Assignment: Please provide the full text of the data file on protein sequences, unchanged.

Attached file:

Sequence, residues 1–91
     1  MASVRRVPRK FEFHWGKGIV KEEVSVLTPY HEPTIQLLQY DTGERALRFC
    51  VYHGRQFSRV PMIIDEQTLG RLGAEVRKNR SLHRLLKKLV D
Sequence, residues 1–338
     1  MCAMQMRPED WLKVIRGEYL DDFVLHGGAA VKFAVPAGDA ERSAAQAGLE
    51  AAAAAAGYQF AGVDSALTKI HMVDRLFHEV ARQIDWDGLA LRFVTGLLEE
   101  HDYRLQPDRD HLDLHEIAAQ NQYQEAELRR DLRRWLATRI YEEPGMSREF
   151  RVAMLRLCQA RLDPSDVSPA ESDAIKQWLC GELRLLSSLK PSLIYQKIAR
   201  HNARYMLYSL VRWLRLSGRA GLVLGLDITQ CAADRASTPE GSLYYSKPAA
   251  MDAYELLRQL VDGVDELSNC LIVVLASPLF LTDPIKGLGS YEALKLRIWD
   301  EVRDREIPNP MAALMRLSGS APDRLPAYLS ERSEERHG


Sequence, residues 1–91
     1  MASVRRVPRK FEFHWGKGIV KEEVSVLTPY HEPTIQLLQY DTGERALRFC
    51  VYHGRQFSRV PMIIDEQTLG RLGAEVRKNR SLHRLLKKLV D
Sequence, residues 1–338
     1  MCAMQMRPED WLKVIRGEYL DDFVLHGGAA VKFAVPAGDA ERSAAQAGLE
    51  AAAAAAGYQF AGVDSALTKI HMVDRLFHEV ARQIDWDGLA LRFVTGLLEE
   101  HDYRLQPDRD HLDLHEIAAQ NQYQEAELRR DLRRWLATRI YEEPGMSREF
   151  RVAMLRLCQA RLDPSDVSPA ESDAIKQWLC GELRLLSSLK PSLIYQKIAR
   201  HNARYMLYSL VRWLRLSGRA GLVLGLDITQ CAADRASTPE GSLYYSKPAA
   251  MDAYELLRQL VDGVDELSNC LIVVLASPLF LTDPIKGLGS YEALKLRIWD
   301  EVRDREIPNP MAALMRLSGS APDRLPAYLS ERSEERHG